Grasses may not be as colourful as the autumn foliage of trees, but their shimmering flower heads and shades of bronze, straw and amber mean that many are at their best in autumn. Also in North Yorkshire is Scampston, home to one of Piet Oudolf’s earliest designs in this country. Drifts of ornamental grasses play on their best qualities, while naturalised late-flowering perennials continue to look good as autumn progresses. Scampston’s gardens are open for visitors and advance booking isn’t required: www.scampston.co.uk
In fact, there is a wealth of perennials that happily bloom throughout autumn, so the season needn’t be short of flowers either. Well-planted gardens like Great Dixter in East Sussex, Great Comp in Kent and The Picton Garden in Malvern, Worcestershire can all offer plenty of inspiration for floriferous late colour, but one of my favourites to visit is Coton Manor in Northamptonshire. The winner of The English Garden’s recent Nation’s Favourite Gardens competition, held in conjunction with the National Garden Scheme, it’s a masterclass in how to get borders to look good for longer. Owner Susie Pasley-Tyler coordinates a seamless flowering display in her colour-themed borders that starts in spring and continues well into autumn when asters, salvias, dahlias and aconitum shine. The garden is open with no need to pre-book: www.cotonmanor.co.uk
If you can’t make it to a garden to find autumn inspiration, here are some of my favourite plants for the season. If you’ve room, the katsura tree (Cercidiphyllum japonicum) is beautiful year-round but it’s in autumn that it attracts the most attention. As its rounded leaves turn beautiful shades of pink, coral and gold before falling, they also develop the most wonderful scent of candy floss or burnt sugar. It’s a medium sized tree, reaching about 12m tall.
Rosa glauca is a beautiful species rose that has purple-flushed blue-green foliage and dainty pink single flowers in summer, with arching stems that give it a wild, natural look. It’s lovely at the back of a border, or in meadow grass. In autumn, it bears masses of orange-red hips. For berries, Cotoneaster horizontalis is hard to beat. Defy its name by growing it vertically against a wall to show off the herringbone pattern of its branches, or let it grow horizontally as a ground-covering shrub. Small white flowers that draw bees from miles around are replaced by masses of scarlet berries in autumn, which are loved by birds.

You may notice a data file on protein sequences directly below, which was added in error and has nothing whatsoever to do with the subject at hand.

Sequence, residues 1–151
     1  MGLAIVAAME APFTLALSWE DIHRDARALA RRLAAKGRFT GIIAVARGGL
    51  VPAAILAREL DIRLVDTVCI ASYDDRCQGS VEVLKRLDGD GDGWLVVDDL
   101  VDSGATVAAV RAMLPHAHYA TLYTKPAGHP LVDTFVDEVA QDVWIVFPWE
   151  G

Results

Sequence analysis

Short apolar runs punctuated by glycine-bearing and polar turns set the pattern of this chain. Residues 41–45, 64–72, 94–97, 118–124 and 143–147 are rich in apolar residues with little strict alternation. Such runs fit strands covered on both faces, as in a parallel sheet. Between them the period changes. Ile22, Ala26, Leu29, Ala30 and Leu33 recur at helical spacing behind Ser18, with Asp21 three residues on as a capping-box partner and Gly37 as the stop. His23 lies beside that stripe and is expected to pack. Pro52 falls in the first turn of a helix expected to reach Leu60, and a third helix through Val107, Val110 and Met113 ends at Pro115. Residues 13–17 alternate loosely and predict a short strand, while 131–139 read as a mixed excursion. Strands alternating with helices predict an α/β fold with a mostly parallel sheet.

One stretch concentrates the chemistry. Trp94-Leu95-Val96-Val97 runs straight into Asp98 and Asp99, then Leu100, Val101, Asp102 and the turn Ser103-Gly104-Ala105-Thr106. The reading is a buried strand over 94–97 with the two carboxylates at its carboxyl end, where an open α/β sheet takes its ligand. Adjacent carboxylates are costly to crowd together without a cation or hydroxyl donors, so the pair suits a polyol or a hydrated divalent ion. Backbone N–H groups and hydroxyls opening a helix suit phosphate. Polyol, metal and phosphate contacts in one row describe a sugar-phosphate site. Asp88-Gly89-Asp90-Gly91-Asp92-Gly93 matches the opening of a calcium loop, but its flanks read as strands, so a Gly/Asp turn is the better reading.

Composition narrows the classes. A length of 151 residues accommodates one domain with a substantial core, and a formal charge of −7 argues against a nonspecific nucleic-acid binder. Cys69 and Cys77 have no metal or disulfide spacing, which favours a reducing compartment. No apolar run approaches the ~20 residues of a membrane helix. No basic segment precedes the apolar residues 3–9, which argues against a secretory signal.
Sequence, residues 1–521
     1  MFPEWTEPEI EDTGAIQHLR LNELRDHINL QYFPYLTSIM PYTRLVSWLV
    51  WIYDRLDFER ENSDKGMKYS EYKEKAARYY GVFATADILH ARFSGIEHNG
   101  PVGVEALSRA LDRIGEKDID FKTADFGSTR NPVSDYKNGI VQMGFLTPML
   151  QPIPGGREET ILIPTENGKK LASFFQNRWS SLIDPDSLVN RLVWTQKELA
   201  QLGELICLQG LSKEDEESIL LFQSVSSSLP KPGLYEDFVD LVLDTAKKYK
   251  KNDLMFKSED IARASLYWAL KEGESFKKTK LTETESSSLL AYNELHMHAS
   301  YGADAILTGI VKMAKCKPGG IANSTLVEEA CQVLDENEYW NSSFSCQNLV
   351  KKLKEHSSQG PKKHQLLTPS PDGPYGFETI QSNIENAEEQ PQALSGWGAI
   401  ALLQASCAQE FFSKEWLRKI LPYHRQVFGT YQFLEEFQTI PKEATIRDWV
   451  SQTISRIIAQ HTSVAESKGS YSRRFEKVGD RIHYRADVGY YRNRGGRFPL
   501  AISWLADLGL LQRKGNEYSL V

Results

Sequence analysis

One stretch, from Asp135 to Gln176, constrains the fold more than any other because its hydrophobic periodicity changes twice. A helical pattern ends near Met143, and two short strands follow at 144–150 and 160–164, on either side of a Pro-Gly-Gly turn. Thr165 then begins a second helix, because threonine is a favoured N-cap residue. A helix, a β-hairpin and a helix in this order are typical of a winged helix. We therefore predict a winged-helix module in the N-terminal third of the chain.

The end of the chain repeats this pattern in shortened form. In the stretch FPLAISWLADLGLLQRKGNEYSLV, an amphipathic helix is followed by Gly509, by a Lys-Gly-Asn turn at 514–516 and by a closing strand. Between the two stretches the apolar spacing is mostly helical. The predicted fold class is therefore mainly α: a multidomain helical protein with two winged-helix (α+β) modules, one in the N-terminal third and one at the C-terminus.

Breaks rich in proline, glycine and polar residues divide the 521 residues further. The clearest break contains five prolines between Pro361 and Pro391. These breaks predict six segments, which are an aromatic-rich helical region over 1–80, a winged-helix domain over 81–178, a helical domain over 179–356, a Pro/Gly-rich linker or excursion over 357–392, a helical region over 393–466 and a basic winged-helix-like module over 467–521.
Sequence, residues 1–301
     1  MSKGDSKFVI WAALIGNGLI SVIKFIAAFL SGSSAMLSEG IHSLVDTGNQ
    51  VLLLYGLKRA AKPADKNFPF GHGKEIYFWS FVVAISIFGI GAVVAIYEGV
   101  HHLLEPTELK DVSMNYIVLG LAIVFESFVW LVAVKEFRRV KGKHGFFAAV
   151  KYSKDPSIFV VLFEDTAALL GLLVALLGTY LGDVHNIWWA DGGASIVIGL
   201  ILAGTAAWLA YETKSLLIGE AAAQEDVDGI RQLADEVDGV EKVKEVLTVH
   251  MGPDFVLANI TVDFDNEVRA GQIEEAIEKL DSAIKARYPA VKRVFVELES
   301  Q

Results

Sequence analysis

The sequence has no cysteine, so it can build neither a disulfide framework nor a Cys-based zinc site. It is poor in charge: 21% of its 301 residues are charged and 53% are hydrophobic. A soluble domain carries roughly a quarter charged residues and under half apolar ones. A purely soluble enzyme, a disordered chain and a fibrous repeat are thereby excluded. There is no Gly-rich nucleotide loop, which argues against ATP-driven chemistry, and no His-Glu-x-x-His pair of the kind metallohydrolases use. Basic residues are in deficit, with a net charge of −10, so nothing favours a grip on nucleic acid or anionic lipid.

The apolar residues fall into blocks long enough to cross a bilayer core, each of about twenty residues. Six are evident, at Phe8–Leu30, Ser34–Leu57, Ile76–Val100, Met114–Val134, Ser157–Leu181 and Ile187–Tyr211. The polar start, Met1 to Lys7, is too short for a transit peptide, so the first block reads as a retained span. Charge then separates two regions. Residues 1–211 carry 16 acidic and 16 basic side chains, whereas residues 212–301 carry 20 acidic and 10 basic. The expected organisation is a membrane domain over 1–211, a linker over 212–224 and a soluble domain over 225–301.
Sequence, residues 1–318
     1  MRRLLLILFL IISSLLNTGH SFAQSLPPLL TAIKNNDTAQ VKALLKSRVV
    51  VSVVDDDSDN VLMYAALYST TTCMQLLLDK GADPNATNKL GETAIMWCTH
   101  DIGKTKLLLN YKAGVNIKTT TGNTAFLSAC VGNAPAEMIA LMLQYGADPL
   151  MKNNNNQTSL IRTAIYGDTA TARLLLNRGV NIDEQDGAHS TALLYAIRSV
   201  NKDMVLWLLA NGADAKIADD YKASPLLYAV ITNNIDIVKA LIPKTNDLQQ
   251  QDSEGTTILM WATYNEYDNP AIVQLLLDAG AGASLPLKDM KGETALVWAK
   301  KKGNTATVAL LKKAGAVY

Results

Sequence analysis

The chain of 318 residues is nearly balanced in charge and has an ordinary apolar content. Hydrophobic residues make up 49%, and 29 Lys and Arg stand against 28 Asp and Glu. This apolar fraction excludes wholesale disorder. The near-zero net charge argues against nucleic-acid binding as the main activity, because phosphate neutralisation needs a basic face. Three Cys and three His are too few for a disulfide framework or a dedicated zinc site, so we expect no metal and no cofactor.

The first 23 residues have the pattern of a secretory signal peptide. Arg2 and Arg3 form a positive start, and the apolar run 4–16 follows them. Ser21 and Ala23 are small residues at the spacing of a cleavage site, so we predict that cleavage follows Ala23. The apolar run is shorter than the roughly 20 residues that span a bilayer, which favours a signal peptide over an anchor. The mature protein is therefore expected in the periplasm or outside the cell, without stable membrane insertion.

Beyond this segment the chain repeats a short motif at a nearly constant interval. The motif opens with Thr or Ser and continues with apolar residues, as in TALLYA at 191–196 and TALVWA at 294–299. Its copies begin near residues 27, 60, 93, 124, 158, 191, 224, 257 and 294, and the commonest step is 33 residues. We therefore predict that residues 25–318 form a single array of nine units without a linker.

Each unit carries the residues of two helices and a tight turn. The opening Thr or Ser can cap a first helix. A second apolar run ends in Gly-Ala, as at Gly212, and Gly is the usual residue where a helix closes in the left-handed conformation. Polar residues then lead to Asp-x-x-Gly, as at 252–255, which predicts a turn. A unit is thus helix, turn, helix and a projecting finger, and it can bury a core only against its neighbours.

If snowdrops are the harbingers of spring, tiny Cyclamen hederifolium is the harbinger of autumn, when its butterfly-like pink-purple flowers appear just above the ground, soon followed by its silvery marbled leaves. There’s plenty of choice when it comes to autumn flowering perennials – dahlias, asters, rudbeckia and Japanese anemones are all good, reliable choices – but also seek out less well-known Actaea simplex (it used to be called Cimifuga simplex). Mounds of purple-bronze foliage are topped by elegant, slender spikes of pinkish white flowers that have a sweet honey-like scent.
For more garden inspiration, why not visit the Haddonstone Show Gardens?
Set in the beautiful rolling Northamptonshire countryside, these stunning Show Gardens feature a wide range of home, garden, landscape and architectural products.
Appointments are necessary and their friendly team will be happy to show you around.
Whether you’re working on a private residential or large commercial project, or if you are interested in home and garden products, our friendly and expert team are happy to discuss your requirements.